The 1840s were worrying times. There were sightings of foreign ships in Japanese waters. The Tokugawas and their officials were aware of European imperialism in many areas of the world, including Asia. In 1839-42 Britain fought the first Opium War with China, ending with the Treaty of Nanking in 1842 which gave Hong Kong Island to the British and established other treaty ports. This news shocked the Japanese.

Commodore Mathew Perry arrived at the mouth of Edo Bay with 4 warships on June 3rd, 1853, with the demand that the Japanese negotiate a trade treaty with the US and a promise to return the following year. Tokugawa Ieyoshi died suddenly on July 27th and was succeeded by his sickly son, Tokugawa Iesada (1824-1858) who delegated negotiations with the Americans to the Council of Elders. Perry returned on Febuary 13, 1854, with 8 warships and The Convention of Kanagawa was signed on March 31, 1854. That treaty was followed by treaties with the British in 1854, the Russians in 1855, and the French in 1858. These treaties were opposed by Emperor Komei and many others who saw the government as weak and the treaties as unfair to the Japanese.

The Japanese created a port at the fishing village of Yokohama, approximately 27 km from Edo, which opened in 1859 and became the center of foreign trade. Ukiyo-e artists rushed to produce images of foreigners for a curious public.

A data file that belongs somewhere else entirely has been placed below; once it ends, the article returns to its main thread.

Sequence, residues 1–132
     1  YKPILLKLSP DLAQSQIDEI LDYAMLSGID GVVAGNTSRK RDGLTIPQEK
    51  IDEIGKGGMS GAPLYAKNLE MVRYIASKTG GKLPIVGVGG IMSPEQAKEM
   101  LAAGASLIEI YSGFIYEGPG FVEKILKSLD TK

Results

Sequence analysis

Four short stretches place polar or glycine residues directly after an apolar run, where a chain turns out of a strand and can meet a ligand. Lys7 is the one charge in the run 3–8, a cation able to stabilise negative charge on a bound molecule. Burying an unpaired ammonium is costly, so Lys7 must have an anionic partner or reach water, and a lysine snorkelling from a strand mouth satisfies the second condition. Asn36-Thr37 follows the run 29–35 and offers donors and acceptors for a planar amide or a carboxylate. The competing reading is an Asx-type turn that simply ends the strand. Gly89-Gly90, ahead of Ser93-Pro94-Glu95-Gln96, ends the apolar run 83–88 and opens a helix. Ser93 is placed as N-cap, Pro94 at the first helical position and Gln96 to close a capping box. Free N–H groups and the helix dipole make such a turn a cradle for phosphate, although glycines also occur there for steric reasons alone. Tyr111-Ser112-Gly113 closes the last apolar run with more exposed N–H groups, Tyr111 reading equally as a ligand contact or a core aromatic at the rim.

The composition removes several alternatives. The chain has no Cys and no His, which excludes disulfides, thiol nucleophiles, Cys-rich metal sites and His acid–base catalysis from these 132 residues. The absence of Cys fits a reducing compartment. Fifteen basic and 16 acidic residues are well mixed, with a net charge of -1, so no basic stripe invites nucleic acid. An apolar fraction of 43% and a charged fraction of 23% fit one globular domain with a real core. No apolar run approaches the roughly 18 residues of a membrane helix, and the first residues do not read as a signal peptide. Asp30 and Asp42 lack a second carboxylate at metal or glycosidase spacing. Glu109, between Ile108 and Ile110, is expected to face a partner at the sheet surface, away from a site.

Iesada’s short rule (1853-1858) was full of disasters. In 1854 there were three major earthquakes in Japan and in 1855 the Great Ansai Earthquake with an epicenter close to Edo. The subsequent fires, the worst since 1657, left up to 20,000 or more dead. That was followed by a cholera epidemic from 1858-60 which is believed to have killed between 100,000 and 200,000 people in Edo.

Tokugawa Iemochi (1846-1866) became the 14th shogun at age 12. He held office from 1858-1866, a time when the ruling class was very divided over the direction the country should take. He was summoned to Kyoto by the Emperor Komei in 1863, becoming the first shogun to travel to Kyoto in 230 years. Emperor Komei opposed opening Japan to foreigners and took an active interest in politics.

Tokugawa Iemochi died in 1866 and was succeeded by Tokugawa Yoshinobu (1837-1913) who never really took office and resigned in November, 1867. Emperor Komei had died suddenly of smallpox in January, 1867, and had been replaced by his young son, Emperor Meiji (1852-1912), who was placed at the head of the new government in 1868, bringing the Edo Period to an End. When the Emperor arrived in Edo the city was renamed Tokyo and this marked the beginning of the Meiji Period (1868-1912).